ESPE Abstracts (2015) 84 P-3-975

Factors Effecting Response to Growth Hormone Treatment in Children with Turner Syndrome

Serpil Bas, Saygin Abali, Zeynep Atay, Belma Haliloglu, Ziya Gurbanov, Tulay Guran, Abdullah Bereket & Serap Turan

Department of Pediatric Endocrinology and Diabetes, Marmara University, Istanbul, Turkey

Background: Short stature is the most common presenting symptom in Turner Syndrome (TS). GH treatment helps alleviating short stature in TS, although response to treatment varies significantly.

Objective and hypotheses: We aimed to evaluate the response to GH treatment and factors affecting this response in children with TS.

Method: Forty-nine patients with TS diagnosed by cytogenetic analysis and who had been followed minimum of 1-year with GH therapy were included in the study. Clinical and anthropometric parameters were obtained retrospectively from patients files. Height SDS changes >0.5 SD in first year of treatment was considered as good response.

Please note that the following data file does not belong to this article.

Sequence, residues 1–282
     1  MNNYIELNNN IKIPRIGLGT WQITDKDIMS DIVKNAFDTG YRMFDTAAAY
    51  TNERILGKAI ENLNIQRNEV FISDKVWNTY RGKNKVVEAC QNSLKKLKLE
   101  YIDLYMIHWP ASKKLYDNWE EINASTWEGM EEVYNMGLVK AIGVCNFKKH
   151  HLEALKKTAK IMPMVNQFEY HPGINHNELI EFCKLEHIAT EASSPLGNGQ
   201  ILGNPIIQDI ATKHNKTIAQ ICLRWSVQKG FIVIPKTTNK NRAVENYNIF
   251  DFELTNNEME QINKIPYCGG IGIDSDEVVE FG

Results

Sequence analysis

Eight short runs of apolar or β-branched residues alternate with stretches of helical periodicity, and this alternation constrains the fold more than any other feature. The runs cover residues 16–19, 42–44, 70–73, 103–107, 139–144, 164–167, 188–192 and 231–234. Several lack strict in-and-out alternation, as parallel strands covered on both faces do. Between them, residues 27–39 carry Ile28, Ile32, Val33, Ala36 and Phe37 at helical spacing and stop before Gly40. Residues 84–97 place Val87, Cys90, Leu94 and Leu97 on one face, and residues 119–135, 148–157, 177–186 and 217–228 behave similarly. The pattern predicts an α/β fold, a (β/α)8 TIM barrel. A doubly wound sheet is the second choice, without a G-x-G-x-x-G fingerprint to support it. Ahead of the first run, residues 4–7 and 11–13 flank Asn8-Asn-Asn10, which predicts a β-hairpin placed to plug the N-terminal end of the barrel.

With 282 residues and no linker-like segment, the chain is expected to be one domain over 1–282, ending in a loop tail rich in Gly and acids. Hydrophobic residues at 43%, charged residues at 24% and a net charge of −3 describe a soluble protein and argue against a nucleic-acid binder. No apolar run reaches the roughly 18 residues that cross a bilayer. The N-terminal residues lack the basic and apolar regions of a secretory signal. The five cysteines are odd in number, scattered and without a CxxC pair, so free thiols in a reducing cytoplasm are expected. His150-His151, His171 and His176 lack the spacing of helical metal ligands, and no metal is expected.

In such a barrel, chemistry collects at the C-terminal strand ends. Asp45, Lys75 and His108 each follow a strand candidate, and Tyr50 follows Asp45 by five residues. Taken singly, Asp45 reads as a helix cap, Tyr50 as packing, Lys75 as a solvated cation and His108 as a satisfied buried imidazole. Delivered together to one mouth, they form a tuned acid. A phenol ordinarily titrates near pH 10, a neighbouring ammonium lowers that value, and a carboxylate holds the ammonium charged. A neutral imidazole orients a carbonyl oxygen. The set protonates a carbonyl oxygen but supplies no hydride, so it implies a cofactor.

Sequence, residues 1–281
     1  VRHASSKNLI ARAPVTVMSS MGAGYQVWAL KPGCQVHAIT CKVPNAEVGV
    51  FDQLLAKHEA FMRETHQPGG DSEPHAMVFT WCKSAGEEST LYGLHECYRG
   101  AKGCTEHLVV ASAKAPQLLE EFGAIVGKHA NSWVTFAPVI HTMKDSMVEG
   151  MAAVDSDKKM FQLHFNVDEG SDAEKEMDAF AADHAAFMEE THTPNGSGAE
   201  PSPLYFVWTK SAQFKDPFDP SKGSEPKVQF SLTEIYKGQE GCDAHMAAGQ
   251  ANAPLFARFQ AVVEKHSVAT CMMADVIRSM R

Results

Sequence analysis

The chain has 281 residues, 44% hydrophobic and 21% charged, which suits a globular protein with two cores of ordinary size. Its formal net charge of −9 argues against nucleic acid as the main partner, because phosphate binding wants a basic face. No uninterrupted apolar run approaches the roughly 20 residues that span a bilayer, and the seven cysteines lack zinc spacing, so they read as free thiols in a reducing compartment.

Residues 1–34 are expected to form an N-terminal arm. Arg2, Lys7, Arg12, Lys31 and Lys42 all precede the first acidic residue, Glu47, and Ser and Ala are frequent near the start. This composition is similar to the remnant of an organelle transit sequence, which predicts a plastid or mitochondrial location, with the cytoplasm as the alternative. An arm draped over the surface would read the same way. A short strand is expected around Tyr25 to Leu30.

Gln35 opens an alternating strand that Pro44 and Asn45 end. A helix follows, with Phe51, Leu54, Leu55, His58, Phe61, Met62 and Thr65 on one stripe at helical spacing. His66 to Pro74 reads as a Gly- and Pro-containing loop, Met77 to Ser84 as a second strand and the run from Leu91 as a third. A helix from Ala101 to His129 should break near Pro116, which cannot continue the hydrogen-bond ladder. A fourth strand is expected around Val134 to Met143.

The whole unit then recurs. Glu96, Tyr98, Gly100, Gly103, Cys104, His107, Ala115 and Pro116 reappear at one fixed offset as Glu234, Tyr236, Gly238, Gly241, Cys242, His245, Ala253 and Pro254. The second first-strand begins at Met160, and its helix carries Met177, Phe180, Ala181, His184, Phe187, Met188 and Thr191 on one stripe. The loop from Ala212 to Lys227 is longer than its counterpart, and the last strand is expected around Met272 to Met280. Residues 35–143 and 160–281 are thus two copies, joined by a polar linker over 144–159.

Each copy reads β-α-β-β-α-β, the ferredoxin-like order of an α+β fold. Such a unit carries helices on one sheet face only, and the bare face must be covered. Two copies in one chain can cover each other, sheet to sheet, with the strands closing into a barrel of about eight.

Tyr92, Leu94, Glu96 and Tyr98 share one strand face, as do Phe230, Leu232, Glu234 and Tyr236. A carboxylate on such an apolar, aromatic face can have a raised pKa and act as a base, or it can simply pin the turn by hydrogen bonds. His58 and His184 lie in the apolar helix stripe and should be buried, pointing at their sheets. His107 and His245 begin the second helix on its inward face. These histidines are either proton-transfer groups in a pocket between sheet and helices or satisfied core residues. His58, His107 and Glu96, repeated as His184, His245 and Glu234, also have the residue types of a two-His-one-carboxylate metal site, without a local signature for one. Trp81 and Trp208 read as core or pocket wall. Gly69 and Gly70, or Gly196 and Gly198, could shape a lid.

Results: The mean age at diagnosis was 9.9±3.8 years of age, the mean height standard deviation score (SDS) was −3.2±1.3. The most common karyotype was 45X (40.8%) followed by 45X/46XX (14.3%) and 46X,i(X)(q10) (12.2%). 40% of patients had intrauterine growth retardation (birth weight<2500 gr). The initial GH dosage was 41±1 μg/kg per day. The average height SDS at the beginning, first year and second year of therapy were −3.0±1.1, −2.5±1.0 (n;49) and −2.3±1.1 (n:40), respectively. 27 patients had good response to treatment. Target height (TH), presenting age, birth weight, chronological age-bone age difference and change in IGFI SDS after treatment were not different between good and poor responders. However, good responders had lower height SDS at presentation (−3.2±1.3 vs. −2.6±1.0, P<0.05) and lower peak GH response to stimulation (6.5±4 vs. 8.9±5 mg/dL, P<0.05) and lower IGF-I SDS (−2.1±1.1 vs. −1.7±1.3) although the latter was nonsignificant. The final height was available in 15 patients and was 150±4.9 cm (−2.0±0.8 SDS). Good responders reached final height of 152.5±2.3 (n:7) which was higher than poor responders [147.1±5.6 cm (n:8), P<0.05]. Final heights in poor responders were significantly lower than their target height [147.1±5.6 vs. 158±7 cm (P<0.01)], whereas, this was not significant in good responders (152.5±2.3 vs. 156±6 cm, P:0.07).

Conclusion: Only significant factor affecting first year response to GH treatment was GH levels on provocative testing in children with TS. In those, who reached final height, height gain was also better in good responders.

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